Thursday, August 9, 2012
Hike 2012.054C -- Hidden Valley Loop, Joshua Tree National Park
After getting off the tram, we headed east, across the Coachella Valley, and in search of CA-62, which runs through Morongo Valley and Yucca Valley before reaching the village of Joshua Tree. At Park Blvd in Joshua Tree, you make a right and continue on to the park boundary.
After reaching Park Blvd, it's about three miles to the park boundary, where I flashed my America the Beautiful Pass and picked up the map and newsletter that allowed our friend to do a quick read to decide which of several possible short trails we'd take. We settled on Hidden Valley.
The trail leaves the parking lot and begins a slight climb as it heads into Hidden Valley. The entrance to this hidden valley was blasted away by the private land owner, creating the pass we walked through. Undoubtedly, fencing and other "improvements" had been made in the past, and I'm pretty sure I saw evidence of that past fencing and blasting. Still, if you didn't look to closely, it looked pretty wonderful.
Plenty of adventurous souls wandered off-trail and climbed the rocks, mostly without any sort of technical equipment.
When your cherry-stem trail reaches the loop portion of the trail, the arrow points left, to put you on a clockwise path. I suppose that's so you don't pass as many people, and helps spread the crowds out and give you a greater sense of solitude on this short little trail.
As with the Barker Dam trail of last week, I really enjoyed this little hike. I'm glad I did this one, too.
After we got back to the car, we grazed on the assorted foods that had survived the day. I had a surprisingly large collection of Power Bars and Cliff Bars that had collected in my day pack over the past month or so. We also had a few more Mandarin oranges and bananas, as well as diet sodas and the last of the Powerade that I brought with me up to San Jacinto State Park. Also, a can of Pringles. Ah, the food of champions. ;D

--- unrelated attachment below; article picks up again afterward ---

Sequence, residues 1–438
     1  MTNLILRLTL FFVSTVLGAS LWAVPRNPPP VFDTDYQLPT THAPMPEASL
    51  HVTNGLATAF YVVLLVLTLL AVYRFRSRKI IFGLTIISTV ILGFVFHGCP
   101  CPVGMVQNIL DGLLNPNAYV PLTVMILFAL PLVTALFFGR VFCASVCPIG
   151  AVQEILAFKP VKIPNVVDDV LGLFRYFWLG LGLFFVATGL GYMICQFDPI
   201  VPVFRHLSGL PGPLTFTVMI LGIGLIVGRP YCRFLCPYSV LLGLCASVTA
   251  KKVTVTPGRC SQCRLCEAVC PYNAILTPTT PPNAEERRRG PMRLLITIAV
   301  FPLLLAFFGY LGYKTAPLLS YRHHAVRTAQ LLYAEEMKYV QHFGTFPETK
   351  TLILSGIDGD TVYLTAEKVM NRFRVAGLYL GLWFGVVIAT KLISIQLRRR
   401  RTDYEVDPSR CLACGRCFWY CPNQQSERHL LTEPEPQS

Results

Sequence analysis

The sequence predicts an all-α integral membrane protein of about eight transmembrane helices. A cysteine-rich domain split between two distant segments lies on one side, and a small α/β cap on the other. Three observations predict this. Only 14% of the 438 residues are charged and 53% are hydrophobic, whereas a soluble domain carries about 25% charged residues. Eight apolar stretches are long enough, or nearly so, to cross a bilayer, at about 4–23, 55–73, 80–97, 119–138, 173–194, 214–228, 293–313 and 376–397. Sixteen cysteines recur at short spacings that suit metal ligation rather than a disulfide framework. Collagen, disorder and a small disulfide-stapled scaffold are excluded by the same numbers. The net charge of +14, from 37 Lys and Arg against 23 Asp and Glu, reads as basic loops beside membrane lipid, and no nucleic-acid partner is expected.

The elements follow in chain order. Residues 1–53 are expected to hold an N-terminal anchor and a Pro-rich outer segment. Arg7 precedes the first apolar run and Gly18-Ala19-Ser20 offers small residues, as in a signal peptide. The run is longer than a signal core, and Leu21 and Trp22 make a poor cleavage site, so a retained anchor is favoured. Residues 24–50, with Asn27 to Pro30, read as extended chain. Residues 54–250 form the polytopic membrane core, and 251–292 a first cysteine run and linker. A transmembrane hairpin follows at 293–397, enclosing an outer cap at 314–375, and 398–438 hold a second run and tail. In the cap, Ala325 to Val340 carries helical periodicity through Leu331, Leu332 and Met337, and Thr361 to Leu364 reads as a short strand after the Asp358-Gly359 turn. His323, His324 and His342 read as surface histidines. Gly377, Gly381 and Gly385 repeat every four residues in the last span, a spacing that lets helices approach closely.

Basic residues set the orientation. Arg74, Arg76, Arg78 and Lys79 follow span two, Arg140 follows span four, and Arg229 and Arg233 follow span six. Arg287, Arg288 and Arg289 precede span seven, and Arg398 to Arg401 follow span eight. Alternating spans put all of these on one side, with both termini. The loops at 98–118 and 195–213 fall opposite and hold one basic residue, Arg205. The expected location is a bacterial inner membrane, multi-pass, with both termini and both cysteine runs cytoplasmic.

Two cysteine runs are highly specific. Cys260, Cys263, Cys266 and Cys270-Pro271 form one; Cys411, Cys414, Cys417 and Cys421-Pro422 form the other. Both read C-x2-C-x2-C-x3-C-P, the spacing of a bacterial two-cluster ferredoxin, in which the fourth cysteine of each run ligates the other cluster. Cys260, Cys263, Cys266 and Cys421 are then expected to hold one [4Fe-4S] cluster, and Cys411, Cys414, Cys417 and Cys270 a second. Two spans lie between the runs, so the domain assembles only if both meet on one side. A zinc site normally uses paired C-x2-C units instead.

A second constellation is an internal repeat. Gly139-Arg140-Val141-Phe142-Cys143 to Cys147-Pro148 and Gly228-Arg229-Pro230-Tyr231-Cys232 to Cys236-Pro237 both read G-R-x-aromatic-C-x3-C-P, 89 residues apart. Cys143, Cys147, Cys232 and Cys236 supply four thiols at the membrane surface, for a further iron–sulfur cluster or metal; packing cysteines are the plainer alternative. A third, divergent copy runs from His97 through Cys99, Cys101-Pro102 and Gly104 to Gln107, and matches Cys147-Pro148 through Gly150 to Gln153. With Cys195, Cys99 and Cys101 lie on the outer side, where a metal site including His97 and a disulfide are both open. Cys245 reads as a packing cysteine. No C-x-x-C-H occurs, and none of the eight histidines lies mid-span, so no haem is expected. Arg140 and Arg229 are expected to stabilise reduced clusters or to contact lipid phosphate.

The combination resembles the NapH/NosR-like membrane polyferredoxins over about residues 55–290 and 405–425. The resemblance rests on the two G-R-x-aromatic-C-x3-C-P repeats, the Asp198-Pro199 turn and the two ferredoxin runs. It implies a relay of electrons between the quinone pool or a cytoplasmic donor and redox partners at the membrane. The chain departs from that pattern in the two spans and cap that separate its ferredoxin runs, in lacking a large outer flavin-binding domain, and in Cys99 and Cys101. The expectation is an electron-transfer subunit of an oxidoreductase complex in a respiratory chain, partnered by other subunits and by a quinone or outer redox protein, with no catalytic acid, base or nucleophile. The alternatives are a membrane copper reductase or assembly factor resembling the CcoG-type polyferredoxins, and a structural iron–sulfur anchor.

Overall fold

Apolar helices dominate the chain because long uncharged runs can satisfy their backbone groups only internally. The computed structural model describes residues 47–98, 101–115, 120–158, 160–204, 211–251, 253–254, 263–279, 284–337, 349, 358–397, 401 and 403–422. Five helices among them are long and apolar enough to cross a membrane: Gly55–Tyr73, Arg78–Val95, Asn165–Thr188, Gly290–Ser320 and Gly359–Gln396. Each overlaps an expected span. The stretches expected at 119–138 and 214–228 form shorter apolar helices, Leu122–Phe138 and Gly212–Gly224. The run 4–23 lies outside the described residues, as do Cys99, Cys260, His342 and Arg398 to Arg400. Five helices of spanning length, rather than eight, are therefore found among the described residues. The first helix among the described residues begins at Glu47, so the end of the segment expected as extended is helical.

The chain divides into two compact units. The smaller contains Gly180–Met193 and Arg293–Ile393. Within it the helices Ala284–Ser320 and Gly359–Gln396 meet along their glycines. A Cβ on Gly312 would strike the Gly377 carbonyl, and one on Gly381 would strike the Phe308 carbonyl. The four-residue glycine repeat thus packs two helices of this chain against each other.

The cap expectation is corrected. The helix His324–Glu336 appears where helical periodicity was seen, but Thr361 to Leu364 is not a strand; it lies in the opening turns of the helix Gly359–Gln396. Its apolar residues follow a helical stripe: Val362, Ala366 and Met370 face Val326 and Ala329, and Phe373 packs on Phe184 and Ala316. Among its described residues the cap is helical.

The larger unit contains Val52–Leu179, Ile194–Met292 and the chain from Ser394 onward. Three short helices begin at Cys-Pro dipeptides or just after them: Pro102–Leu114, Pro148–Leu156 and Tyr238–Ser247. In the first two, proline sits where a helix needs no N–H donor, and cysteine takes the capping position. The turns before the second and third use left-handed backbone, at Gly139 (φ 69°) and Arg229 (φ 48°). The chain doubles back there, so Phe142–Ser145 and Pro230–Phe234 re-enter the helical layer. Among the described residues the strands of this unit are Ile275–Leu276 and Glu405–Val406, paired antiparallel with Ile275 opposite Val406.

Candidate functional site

My Sirius mount has been really poor with gotos the past few years, and, as a result, I hadn't even bothered with trying an alignment for a year or more. I just use it as a tracking equatorial mount. Nonetheless, this night, with the car battery providing a strong and consistent power source, I went ahead and did a two-star alignment.
The results were mediocre, but good enough. With the relatively wide field of my 100ED (compared to an 8" or 11" SCT), the gotos were close enough to put the object in the eyepiece if it was close to one of my alignment stars (Vega, which meant M57 and M27), or inside the field of view of my finderscope for things further away (M17 and M31, for example). It helped speed us through a very quick tour of a fair selection of summer objects: planetary nebula, globular clusters, open clusters, emission nebula and a galaxy. Then we packed up and headed home.
Hidden Valley is an easy one mile loop (tougher in the summer sun, of course), with options for rock climbing all around. There's a slightly gain of altitude (I would guess no more than 20 or 30 feet) near the start, and a few other gentle inclines along the way. Not a lot of shade unless you're hiking very early or very late, though.
It's not a destination all by itself, but it's a nice place to stretch your legs, and one of many 1 to 2 mile long nature trails scattered around the park. After the drive to Joshua Tree, I figure most folks would want to take at least a few short walks, and this one would be a gentle introduction to the park.